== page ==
ATP turnover was significantly lower in the presence of butyrate (0.40 ± 0.10 μmoles/min.g, p = 0.001, n = 7) and octanoate (0.56 ± 0.10 μmoles/min.g, p = 0.01, n = 5) than in control (1.09 ± 0.13 μmoles/min.g, n = 7), whereas perfusion with acetate induced no significant decrease (0.76 ± 0.10 μmoles/min.g, n = 7). Mitochondrial oxygen consumption was unchanged in the presence of acetate (1.92 ± 0.16 vs 1.86 ± 0.16 for control) and significantly increased in the presence of butyrate (p = 0.02) and octanoate (p = 0.0004) (2.54 ± 0.18 and 3.04 ± 0.15 μmoles/min.g, respectively). The oxidative phosphorylation yield (ATP/O ratio) calculated in the whole liver was significantly lower with butyrate (0.07 ± 0.02, p = 0.0006) and octanoate (0.09 ± 0.02, p = 0.005) than in control (0.30 ± 0.05), whereas there was no significant change with acetate (0.20 ± 0.02).
Butyrate or octanoate decrease rather than increase the rate of ATP synthesis, resulting in a decrease in the apparent ATP/O ratio. Butyrate as a nutrient has the same effect as longer chain FA. An effect on the hepatic metabolism should be taken into account when large quantities of SCFA are directly used or obtained during therapeutic or nutritional strategies.
PMCID: PMC2048500  PMID: 17725817
6.  Exogenous overexpression of nerve growth factor in the urinary bladder produces bladder overactivity and altered micturition circuitry in the lumbosacral spinal cord 
BMC Physiology  2007;7:9.
Exogenous NGF or saline was delivered to the detrusor smooth muscle of female rats for a two-week period using osmotic mini-pumps. We then determined: (1) bladder function using conscious cystometry; (2) organization of micturition reflexes using Fos protein expression in lumbosacral (L5-S1) spinal cord neurons; (3) calcitonin gene-related peptide (CGRP)-immunoreactivity (IR) in lumbosacral spinal cord segments.
An osmotic pump infused 0.9% NaCl (n = 6) or NGF (n = 6)(2.5 μg/μl solution; 0.5 μl/hr) for two weeks into the bladder wall. NGF bladder content was determined by enzyme-linked immunoassays. Bladder function was assessed with conscious cystometry. Immunohistochemical and imaging techniques were used to determine the distribution of Fos-IR cells and CGRP expression in the L5-S1 spinal cord in saline and NGF-treated rats two hours after intravesical saline distention. Fos expression and CGRP-IR in NGF-treated rats with bladder distention was compared to that observed in cyclophosphamide (CYP; 75 mg/kg; i.p.) treated rats with bladder distention.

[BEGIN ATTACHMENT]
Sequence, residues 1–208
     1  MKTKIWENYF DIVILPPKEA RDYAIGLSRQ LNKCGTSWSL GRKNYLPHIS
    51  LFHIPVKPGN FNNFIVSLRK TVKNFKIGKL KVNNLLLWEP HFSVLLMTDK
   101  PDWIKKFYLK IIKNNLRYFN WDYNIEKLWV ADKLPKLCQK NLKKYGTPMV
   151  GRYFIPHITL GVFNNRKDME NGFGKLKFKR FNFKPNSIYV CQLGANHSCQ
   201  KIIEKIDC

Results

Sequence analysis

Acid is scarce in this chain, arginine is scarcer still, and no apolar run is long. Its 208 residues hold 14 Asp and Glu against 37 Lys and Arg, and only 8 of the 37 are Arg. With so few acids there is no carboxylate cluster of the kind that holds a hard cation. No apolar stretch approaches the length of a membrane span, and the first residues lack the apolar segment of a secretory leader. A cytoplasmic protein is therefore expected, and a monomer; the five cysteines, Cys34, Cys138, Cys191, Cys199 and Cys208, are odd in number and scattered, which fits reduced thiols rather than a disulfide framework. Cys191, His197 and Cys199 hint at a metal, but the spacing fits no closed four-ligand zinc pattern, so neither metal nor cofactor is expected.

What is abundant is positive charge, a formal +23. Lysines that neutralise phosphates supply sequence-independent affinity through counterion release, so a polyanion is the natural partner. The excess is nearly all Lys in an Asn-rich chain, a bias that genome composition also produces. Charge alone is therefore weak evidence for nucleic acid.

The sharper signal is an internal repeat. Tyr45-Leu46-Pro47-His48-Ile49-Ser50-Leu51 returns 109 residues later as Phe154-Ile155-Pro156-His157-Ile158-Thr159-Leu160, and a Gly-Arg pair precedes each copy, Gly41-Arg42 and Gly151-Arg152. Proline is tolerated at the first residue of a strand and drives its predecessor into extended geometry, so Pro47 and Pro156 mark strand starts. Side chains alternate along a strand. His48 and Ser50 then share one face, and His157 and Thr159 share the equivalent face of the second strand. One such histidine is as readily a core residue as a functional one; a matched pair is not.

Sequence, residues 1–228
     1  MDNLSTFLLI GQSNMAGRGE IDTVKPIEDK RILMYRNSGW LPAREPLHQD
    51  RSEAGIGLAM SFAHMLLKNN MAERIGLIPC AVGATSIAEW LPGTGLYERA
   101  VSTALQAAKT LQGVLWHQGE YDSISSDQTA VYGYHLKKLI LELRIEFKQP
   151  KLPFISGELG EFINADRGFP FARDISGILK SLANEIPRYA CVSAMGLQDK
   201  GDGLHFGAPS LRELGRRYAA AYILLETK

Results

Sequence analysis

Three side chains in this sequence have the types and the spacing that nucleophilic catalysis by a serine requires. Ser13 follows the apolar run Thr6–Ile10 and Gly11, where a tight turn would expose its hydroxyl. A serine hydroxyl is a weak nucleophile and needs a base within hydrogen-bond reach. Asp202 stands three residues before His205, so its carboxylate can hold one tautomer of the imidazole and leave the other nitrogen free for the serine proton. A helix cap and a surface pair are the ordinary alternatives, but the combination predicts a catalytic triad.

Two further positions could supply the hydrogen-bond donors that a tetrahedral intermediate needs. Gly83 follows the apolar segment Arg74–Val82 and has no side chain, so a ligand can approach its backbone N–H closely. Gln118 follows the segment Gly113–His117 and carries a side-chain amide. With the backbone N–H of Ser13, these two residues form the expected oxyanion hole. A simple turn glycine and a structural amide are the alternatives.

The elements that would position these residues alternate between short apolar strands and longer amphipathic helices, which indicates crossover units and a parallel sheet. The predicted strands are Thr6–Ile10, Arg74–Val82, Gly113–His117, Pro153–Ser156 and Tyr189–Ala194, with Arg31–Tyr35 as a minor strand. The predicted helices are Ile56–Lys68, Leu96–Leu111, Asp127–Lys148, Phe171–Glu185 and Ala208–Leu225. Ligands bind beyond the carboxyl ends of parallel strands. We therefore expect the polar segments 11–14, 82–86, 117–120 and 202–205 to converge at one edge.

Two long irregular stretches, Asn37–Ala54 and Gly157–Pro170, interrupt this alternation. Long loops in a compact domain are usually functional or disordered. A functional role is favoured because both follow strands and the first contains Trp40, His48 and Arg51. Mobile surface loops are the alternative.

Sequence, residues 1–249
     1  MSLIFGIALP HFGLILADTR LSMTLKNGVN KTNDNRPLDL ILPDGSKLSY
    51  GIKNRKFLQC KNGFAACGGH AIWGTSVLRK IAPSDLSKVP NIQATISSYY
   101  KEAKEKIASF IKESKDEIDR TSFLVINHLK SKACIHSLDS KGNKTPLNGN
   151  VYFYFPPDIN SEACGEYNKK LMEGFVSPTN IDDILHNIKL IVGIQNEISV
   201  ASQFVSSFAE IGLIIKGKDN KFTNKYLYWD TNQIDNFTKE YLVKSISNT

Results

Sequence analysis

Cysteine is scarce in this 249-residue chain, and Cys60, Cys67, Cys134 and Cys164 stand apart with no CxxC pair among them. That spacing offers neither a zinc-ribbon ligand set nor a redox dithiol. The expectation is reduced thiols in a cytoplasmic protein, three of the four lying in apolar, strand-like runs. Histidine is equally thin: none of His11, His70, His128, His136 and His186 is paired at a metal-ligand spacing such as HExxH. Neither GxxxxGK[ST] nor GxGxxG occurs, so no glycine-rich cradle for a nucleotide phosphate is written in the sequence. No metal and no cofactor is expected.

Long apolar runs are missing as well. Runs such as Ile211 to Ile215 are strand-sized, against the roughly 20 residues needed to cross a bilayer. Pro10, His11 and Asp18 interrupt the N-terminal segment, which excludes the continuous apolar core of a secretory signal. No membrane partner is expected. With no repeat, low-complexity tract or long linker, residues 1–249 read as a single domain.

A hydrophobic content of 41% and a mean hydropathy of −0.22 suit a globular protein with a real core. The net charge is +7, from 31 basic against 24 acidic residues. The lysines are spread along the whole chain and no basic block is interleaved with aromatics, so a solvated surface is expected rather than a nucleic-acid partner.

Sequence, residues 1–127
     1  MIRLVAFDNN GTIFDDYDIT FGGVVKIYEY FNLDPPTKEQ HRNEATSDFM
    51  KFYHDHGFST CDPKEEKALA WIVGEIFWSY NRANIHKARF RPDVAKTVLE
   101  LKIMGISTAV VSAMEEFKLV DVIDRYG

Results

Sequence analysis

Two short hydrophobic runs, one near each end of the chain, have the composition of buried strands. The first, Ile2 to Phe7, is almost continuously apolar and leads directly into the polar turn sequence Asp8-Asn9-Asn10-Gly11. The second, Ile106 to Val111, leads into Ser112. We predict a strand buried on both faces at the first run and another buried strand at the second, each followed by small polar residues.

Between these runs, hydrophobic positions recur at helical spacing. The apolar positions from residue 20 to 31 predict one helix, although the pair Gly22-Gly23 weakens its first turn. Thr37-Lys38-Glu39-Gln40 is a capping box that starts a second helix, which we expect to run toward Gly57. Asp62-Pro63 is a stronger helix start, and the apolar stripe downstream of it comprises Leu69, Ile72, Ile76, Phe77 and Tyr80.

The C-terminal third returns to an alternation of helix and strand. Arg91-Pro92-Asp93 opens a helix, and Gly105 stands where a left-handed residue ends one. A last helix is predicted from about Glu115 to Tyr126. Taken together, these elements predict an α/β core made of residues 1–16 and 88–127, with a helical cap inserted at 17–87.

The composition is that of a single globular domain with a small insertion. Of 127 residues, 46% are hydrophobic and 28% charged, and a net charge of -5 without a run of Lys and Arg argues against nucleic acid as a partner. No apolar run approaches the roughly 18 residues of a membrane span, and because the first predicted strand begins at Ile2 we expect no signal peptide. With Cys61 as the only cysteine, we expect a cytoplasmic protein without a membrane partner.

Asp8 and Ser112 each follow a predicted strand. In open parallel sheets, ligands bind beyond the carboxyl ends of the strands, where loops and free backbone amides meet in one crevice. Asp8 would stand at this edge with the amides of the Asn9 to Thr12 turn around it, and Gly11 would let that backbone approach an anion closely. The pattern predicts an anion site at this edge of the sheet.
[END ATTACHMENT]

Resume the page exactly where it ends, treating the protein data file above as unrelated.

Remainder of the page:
Two-week infusion of NGF into the bladder wall increased bladder weight, reduced bladder capacity (60%), reduced the intercontraction interval (60%) and increased the amplitude of non-voiding contractions. NGF treatment and intravesical saline distention (2 hr) increased expression of Fos protein in L6-S1 spinal cord and altered the distribution pattern of Fos-IR cells. CGRP-IR in the lumbosacral spinal cord was also increased after NGF treatment.
These data suggest that NGF infusion into the bladder wall induces bladder overactivity, can reveal a "nociceptive" Fos expression pattern in the spinal cord in response to a non-noxious bladder stimulus and increases CGRP-IR in the lumbosacral spinal cord.
PMCID: PMC2000875  PMID: 17725832
7.  Divergent calcium signaling in RBCs from Tropidurus torquatus (Squamata – Tropiduridae) strengthen classification in lizard evolution 
BMC Physiology  2007;7:7.